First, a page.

FIE is indebted to Ian Lumley, the Heritage Officer of An Taisce, who identified this trade and has pursued the issue doggedly. In particular, his success in preventing planning permission for extraction to be granted to permit the sale to Erin Horticulture of the NPWS-owned 80h Kilballyskea Bog in Shinrone, County Offally [ABP RF1078] is a case worth reading. The Department had been intending to use the largely degraded raised bog [‘unworthy of conservation’] to relocate displaced peat producers from bogs that were designated conservation areas in the locality. When this did not happen, they offered the bog for public sale. The Board refused inter allia because ‘The proposed development would adversely affect an Annex I habitat type: ‘degraded raised bog still capable of natural regeneration’.

Discharges licences are listed in part II of S.I. No. 94/1997:EUROPEAN COMMUNITIES (NATURAL HABITATS) REGULATIONS, 1997 as an ENACTMENT REFERRED TO IN REGULATION 32. Reg 32: (1) Where an operation or activity or an established activity to which an application for a licence or a revised licence or a review of a licence or revised licence, as appropriate, under any of the enactments set out in Part II of the Second Schedule applies is neither directly connected with nor necessary to the management of a European site but likely to have a significant effect thereon either individually or in a combination with other operations or activities or established activities a local authority, the Board or the Environmental Protection Agency shall ensure that an appropriate assessment of the environmental implications for the site in view of the site’s conservation objectives is undertaken.

Bord na Mona is exempt from the provisions of the Water Pollution Acts, a fine example of parallel legislation over which FIE has protested to no avail. Section 27 of the Turf Development Act 1945 gives immunity to Bord na Mona’s operations from the Local Government (Water Pollution) Acts. The Minister is only required to take such measures to protect the environment if taking ‘such precautions and making such provisions will not cause substantial detriment to the works or substantial hindrance to, or substantial increase to the cost of, the works’.

Dissolved organic carbon reacts with chlorine to produce trihalomethanes, cancer-causing agents which were identified as a major problem in 51 of Irish drinking water supplies in 2007. [EPA, Drinking Water in Ireland 2007] Their removal requires separate treatment and costs that should be borne by the polluter, not the State.

The support of the Department of Environment’s Spatial Planning, and COMHAR, the National Sustainability Council, with encouragement from the National Biodiversity Centre, made the pilot project possible.

‘Existing Geo-informatics in the Republic of Ireland’, Rory Scarrott, for Friends of the Irish Environment, unpublished, 2010.

The Irish town of Westport was added to Google Earth in 3D on January 16, 2008. and is the first such model of an Irish town to be created. As it was developed initially to aid Local Government in carrying out their town planning functions it includes the highest resolution photo-realistic textures to be found anywhere in Google Earth. [Source: Google Earth.]

In this context Dr. Cawkwell notes in her conclusion to the FIE Report: ‘With additional funding it would be interesting to explore the potential of TerraSar-X imagery, the highest spatial resolution microwave images available and equivalent to the SPOT multispectral images used in this project. Being a microwave imager cloud cover would not be an issue, permitting a wider range of images to be suitable, and although unable to distinguish vegetation species the differences in backscatter between exposed, semivegetated and intact peat surfaces may be sufficient to identify regions of change on a more frequent basis than can be realistically anticipated from high resolution optical imagery.’ TerraSar-X is radar based, and so can operate independent of cloud cover and during the hours of darkness with a definition of up to 1m.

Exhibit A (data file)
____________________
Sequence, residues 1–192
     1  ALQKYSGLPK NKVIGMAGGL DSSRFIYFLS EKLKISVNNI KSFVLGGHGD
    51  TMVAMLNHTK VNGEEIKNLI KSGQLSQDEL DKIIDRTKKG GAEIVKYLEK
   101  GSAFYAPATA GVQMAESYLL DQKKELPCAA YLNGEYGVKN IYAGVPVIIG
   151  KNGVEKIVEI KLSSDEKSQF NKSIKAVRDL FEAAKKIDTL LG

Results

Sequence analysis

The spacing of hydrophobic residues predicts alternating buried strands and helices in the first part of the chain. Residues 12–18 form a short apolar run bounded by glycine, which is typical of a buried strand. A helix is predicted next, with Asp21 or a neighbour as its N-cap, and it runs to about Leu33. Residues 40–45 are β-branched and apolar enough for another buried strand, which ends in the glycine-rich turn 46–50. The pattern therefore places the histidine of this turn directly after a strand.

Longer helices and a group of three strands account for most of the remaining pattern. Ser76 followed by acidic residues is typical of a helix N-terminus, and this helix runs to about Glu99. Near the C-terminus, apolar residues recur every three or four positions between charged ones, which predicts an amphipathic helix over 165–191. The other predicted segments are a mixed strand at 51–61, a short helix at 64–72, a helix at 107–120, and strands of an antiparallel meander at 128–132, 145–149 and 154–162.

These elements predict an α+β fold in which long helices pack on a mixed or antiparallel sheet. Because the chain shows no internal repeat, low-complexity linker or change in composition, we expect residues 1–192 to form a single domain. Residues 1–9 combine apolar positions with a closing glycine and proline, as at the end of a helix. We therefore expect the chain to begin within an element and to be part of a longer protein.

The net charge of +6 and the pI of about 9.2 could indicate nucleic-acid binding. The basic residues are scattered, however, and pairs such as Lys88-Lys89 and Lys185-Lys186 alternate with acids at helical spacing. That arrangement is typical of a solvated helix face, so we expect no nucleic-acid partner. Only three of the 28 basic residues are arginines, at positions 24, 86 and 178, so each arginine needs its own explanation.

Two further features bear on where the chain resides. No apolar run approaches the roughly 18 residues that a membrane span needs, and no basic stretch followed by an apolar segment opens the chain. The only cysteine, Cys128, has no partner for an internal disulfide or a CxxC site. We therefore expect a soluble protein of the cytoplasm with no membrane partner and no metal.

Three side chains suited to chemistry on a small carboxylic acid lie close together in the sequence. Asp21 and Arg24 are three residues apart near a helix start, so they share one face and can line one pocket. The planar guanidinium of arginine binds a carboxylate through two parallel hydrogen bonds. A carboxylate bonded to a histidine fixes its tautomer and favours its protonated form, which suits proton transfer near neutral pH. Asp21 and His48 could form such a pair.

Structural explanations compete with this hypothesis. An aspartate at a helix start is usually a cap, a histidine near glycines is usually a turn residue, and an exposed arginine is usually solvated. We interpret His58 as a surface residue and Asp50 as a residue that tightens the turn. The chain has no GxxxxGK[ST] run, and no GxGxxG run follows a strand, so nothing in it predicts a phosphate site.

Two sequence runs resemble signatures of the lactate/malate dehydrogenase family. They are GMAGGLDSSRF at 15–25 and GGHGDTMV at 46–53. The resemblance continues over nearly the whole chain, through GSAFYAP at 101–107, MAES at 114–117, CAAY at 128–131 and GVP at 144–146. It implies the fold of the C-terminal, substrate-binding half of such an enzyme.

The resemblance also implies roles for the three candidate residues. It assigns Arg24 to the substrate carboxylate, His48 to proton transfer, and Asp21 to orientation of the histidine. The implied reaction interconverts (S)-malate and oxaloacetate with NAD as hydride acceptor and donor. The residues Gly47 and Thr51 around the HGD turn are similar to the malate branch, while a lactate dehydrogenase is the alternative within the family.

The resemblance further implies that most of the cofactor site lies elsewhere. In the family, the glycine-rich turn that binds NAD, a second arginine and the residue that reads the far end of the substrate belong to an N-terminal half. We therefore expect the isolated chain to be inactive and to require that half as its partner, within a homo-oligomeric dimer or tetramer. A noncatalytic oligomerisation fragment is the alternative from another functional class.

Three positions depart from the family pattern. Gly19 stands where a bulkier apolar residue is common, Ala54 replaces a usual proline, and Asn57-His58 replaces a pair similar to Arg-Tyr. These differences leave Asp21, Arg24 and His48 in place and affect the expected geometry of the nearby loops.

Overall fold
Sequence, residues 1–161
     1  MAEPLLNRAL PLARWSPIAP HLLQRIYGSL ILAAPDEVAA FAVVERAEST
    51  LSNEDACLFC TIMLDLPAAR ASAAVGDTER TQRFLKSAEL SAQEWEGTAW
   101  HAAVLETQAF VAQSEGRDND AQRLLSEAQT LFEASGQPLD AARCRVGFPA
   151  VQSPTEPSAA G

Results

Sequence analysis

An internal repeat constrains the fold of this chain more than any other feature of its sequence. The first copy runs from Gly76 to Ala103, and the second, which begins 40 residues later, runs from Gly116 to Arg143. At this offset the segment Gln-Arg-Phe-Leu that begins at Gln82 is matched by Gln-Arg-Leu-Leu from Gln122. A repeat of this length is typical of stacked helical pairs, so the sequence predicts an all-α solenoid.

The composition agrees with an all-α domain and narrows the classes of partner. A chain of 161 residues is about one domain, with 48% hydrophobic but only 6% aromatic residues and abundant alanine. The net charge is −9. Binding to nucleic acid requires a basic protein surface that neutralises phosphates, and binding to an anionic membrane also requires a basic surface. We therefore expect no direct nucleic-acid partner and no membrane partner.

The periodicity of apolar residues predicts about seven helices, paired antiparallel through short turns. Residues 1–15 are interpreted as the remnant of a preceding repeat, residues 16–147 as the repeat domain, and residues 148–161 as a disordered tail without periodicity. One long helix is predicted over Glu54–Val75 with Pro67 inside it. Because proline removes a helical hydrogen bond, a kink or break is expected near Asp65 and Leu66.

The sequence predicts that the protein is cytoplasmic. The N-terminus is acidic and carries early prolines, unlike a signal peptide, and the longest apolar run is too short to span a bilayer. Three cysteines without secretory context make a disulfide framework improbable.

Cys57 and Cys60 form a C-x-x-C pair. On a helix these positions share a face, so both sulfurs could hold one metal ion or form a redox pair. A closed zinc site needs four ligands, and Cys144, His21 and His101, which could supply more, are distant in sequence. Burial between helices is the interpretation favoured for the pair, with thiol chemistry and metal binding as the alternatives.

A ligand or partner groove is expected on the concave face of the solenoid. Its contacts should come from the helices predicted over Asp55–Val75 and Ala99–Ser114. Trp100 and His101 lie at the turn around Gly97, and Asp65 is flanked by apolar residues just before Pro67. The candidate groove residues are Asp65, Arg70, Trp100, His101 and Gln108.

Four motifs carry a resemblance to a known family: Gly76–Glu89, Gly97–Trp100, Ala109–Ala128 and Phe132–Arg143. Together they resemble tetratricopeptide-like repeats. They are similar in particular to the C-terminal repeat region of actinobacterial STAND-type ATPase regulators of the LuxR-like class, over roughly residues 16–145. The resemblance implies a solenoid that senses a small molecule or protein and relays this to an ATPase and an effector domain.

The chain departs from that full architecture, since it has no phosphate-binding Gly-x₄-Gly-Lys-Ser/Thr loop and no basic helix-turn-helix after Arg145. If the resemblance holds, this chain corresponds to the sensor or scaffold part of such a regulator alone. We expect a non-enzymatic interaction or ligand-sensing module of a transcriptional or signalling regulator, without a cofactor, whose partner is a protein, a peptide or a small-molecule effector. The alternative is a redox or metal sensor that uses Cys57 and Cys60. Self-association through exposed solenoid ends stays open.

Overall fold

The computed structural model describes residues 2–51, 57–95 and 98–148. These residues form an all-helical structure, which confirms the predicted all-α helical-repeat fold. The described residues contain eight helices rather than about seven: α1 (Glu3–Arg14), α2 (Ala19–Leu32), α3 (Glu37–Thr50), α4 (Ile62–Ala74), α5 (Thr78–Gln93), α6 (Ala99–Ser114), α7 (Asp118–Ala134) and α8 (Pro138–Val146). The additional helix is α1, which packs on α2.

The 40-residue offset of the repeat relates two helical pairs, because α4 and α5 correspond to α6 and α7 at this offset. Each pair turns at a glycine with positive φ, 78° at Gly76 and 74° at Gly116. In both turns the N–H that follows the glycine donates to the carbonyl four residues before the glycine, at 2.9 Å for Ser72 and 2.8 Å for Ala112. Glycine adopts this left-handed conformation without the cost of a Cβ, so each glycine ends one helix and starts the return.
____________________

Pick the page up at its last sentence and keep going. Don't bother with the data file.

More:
Jason Larkin, EPA, email, 01.07.09: IE-EPA-2008-GIS-FA Remote Sensing/01. ‘Suitability of a rule-based feature extraction and classification processing methods to a habitat mapping solution for a study area in Ireland.’ (2010) is an excellent site where you can find complete information about websites which provide free GIS, Remote Sensing, spatial and hydrology data as a service.’ Op cite.  Existing Geo-informatics in the Republic of Ireland useful for monitoring landcover and landuse changes impacting on peat soils and water quality’

It was only after I submitted my title for this paper that the conference organiser, Owen McIntyre – and then a fellow contributor, Andrew Jackson – kindly sent me the recent paper by Ray Purdy, ‘Using Earth Observation Technologies for Better Regulatory Compliance and Enforcement of Environmental Laws’. See UCL FACULTY OF LAWS, Centre for Law and the Environment,  Accessed 4 April, 2010. Mumbair Mirror March 10, 2010. Accessed 4 April, 2010

High Resolution Satellite Imagery for Monitoring Environmental and Climate Induced Change in Isolated Rural Communities, by Dr. Christopher Lavers , Britannia Royal Naval College, accessed 4 April, 2010.

To show how savings may be affected, Purdy quotes The British Potato Council which changed over largely to satellite observation, reducing their field staff from 92 to 16 and so saving €3 million per annum.

‘Once a farmer has been selected for an on-the-spot check in accordance with paragraph 3, at least 80 % of the area for which he requests aid under aid schemes established in Titles III and IV of Regulation (EC) No 1782/2003 shall be subject to on-the-spot check by remote sensing’. Commission Regulation (EC) No 796/2004 of 21 April 2004, OJ 2004 L 141

Satellites – an new area for environmental compliance, Ray Purdy, 1996,%20JEEPLb.pdf [accessed 4 April 2010]

Chester Bowles, My Years in Public Life, 1974, quoted in Purdy, op cite. Purdy also quotes the 19th century English utopian Jeremy Bentham: ‘The more strictly we are watched the better we behave’.

Tony Lowes, Friends of the Irish Environment

The article is based on a presentation by Tony Lowes at Law and the Environment 2010, 8th Annual Conference, University College Cork in April 2010